Using electronic health records and analytics, Mercy launched initiatives to both improve patient care and reduce unnecessary expenditures.

Achievements in four specific areas have produced millions of dollars in savings for Mercy, the fifth largest Catholic healthcare system in the nation. Results were impressive enough to merit Mercy’s selection as a 2016 Enterprise Davies Award recipient.

The award, from the Healthcare Information and Management Systems Society, recognizes Mercy for achievements in four case studies it submitted that detailed how the use of health information technology and standardized clinical processes have improved patient care and the bottom line.

Those positive results have energized Mercy to expand the use of analytics to gain intelligence out of the massive amounts of data the integrated delivery system is able to collect, says Gil Hoffman, its CIO.

“These projects demonstrate to us the value of real-time data and confirm the value of the investments we’re making in all of our analytics,” Hoffman says. “We’re seeing how to change all our operations to improve the entire patient experience—how can we take better advantage of this analytics platform that we’ve built.”

Receiving the Enterprise Davies award “is kind of the proof in the pudding of what we can do and how big the potential is,” Hoffman adds. “We want to use data to change from sickness care to really true healthcare. This was the start for us and by no means are we done; this just got us energized.”

Mercy Hospital Joplin, which opened in early 2015, brings Mercy's award-winning technology to patients.
Mercy Hospital Joplin, which opened in early 2015, brings Mercy's award-winning technology to patients.

Also See: Horizon Family Medical Group earns Davies award

Mercy operates 43 acute-care and specialty hospitals and more than 700 practices in Arkansas, Kansas, Missouri and Oklahoma, as well as outreach ministries in three other states.

In its nomination for the Davies award, it noted its use of information technology in four separate use cases that highlighted either care improvements or efficiency gains. They demonstrate how IT and standardized clinical processes brought benefits for the organization.

In one, it reduced by nearly three hours the time it takes to administer a diuretic to patients with heart failure. Doing that helps control patients’ blood pressure by reducing unnecessary salt and water in their bodies through increased urine production. The clinical process helped Mercy achieve mortality rates that are less than half the national average for heart failure patients.

A second case study showed how Mercy used its information technology system to cut pneumonia mortality rates to less than half the national average and reduced the time it takes for patients with pneumonia to receive antibiotics.

In its analytics efforts, Mercy is using surgical procedure data to help achieve $9.4 million in cost reductions, eliminating or minimizing the use of certain surgical products; reducing variations in surgical protocols; establishing best practices across surgical departments; and ensuring quality post-operative results for patients.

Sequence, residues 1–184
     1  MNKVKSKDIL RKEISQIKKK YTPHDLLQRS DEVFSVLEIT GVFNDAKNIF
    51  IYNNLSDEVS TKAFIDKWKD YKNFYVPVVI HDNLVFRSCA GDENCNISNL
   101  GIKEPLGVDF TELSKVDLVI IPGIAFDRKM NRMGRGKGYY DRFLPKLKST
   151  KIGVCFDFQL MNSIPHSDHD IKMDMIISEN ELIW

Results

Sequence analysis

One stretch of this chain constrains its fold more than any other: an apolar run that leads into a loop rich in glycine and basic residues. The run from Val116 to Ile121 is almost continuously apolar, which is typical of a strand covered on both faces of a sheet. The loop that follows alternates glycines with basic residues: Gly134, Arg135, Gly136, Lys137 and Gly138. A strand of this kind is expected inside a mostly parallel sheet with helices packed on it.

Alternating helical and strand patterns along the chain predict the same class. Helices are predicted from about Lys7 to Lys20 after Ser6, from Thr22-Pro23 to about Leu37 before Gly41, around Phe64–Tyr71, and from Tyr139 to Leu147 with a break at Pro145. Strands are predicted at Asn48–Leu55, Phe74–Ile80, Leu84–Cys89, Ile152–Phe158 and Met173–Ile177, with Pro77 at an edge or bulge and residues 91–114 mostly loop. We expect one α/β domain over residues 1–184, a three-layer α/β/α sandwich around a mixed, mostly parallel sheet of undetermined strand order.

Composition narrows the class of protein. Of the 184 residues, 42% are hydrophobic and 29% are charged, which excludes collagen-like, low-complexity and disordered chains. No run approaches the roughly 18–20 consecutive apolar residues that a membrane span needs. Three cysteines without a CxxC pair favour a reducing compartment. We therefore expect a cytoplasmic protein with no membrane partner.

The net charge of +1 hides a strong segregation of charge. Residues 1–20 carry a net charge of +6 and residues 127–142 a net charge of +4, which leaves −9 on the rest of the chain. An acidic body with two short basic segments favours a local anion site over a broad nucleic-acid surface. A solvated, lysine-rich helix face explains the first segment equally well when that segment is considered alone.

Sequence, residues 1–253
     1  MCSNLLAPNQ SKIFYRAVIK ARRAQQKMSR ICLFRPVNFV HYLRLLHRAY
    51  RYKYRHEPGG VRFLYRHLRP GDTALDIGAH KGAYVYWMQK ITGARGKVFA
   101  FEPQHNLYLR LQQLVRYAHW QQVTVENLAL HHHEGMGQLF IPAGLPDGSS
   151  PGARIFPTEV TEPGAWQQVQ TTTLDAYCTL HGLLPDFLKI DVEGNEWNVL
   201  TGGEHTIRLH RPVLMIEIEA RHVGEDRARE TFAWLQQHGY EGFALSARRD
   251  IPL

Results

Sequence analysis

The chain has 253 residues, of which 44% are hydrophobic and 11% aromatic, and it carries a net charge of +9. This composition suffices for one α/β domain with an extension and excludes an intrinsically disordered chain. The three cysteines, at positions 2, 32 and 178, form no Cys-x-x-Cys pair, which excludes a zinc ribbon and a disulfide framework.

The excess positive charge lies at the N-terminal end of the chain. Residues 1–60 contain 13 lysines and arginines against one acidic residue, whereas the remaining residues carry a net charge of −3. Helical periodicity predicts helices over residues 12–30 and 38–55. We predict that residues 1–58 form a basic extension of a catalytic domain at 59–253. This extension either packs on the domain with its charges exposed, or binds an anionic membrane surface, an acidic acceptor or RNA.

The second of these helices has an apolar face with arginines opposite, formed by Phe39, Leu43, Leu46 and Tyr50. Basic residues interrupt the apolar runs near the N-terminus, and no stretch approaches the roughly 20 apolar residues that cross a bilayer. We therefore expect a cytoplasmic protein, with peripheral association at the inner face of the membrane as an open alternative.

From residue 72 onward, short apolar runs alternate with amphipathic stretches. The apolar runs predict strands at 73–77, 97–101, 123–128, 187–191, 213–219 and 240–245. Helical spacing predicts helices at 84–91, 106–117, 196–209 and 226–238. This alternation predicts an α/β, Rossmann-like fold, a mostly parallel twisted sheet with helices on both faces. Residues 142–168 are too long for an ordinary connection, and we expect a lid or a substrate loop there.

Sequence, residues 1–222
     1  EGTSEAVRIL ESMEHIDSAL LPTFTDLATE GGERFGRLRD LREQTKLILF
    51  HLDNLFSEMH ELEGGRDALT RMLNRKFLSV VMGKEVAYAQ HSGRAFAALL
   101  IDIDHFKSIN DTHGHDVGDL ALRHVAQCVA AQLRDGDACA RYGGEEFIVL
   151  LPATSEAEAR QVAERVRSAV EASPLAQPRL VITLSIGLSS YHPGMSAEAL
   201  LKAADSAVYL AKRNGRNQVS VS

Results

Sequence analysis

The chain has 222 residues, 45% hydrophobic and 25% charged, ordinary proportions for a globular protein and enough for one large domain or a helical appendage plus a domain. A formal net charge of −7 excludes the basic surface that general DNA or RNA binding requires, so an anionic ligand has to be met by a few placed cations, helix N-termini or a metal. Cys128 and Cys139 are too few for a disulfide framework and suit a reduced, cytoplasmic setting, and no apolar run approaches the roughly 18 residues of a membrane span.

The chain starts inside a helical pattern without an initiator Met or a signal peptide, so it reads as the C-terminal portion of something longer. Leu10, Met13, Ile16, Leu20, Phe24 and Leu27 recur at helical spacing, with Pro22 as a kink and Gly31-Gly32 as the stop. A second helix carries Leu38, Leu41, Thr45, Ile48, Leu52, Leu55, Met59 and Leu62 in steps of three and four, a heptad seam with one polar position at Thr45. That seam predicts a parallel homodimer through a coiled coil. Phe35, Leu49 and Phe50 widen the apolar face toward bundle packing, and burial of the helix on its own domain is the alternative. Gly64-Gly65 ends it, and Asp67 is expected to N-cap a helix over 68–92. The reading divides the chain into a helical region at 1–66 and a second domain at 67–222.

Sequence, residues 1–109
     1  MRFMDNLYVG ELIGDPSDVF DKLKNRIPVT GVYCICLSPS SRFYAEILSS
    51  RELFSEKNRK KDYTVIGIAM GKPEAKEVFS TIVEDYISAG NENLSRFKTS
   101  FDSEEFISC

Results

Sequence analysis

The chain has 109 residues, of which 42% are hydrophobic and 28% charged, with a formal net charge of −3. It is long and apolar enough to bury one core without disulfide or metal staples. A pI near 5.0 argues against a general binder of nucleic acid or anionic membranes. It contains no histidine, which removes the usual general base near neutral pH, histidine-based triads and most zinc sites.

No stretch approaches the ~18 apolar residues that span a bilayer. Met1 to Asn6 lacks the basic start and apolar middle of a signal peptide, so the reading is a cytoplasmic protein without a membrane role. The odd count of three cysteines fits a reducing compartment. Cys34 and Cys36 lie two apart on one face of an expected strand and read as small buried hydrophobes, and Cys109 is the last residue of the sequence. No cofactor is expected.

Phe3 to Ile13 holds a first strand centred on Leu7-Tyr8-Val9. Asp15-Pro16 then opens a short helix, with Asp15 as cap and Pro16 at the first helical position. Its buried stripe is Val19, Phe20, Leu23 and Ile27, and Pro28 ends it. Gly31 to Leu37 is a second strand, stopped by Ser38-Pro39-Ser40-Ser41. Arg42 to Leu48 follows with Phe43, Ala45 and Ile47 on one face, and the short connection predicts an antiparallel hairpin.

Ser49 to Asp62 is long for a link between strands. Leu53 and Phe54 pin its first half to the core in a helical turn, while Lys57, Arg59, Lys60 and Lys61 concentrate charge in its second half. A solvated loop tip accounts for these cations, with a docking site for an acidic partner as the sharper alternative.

Finally, its last case study shows how the system was able to make improvements in clinical documentation to ensure physicians properly capture a clinical diagnosis. That collaborative effort enabled Mercy to realize $65 million in additional revenue.

Also See: Hawaiian health system again wins HIMSS Davies Award

The Davies requires “a lot of evidence associated with the projects, and you have clinical professionals taking a look at them and examining the evidence,” Hoffman says. “We’re proud about (winning) because there’s a tremendous amount of scrutiny, and all the projects stood up to that and clearly delivered.”

Applying for the Davies award was a significant effort that took the organization more than a year, Hoffman says, with coordinated efforts between its IT staff, clinical staff and others.

“Mercy has long been focused on bringing together all aspects of healthcare—including clinical, operational, technological and analytical functions—so we can collaborate and determine our best way forward for our patients and our organization,” Hoffman adds. “The Davies Award demonstrates how we’ve been able to blend the best of technology, talent and teamwork to bring better care and better health to our patients.”

Mercy has been able to extend its mission to other healthcare organizations, providing services in supply chain, information technology and virtual care throughout the country.

“That’s part of the ministry vision,” Hoffman says. “We look to share our expertise to help others provide better healthcare. That’s why we’re all in this business. We think about how we can contribute to the bottom line and also to help healthcare everywhere.”

“As a Davies Award recipient, Mercy clearly exemplifies how collaborative teamwork, effective planning, use of health information technology and standardized clinical process changes can result in sustainable improvements in patient care,” said Jonathan French, senior director of quality and patient safety and Davies program director with HIMSS.

Mercy will be recognized as a HIMSS Davies Award recipient at the upcoming 2017 HIMSS Conference and Exhibition in Orlando, Fla.

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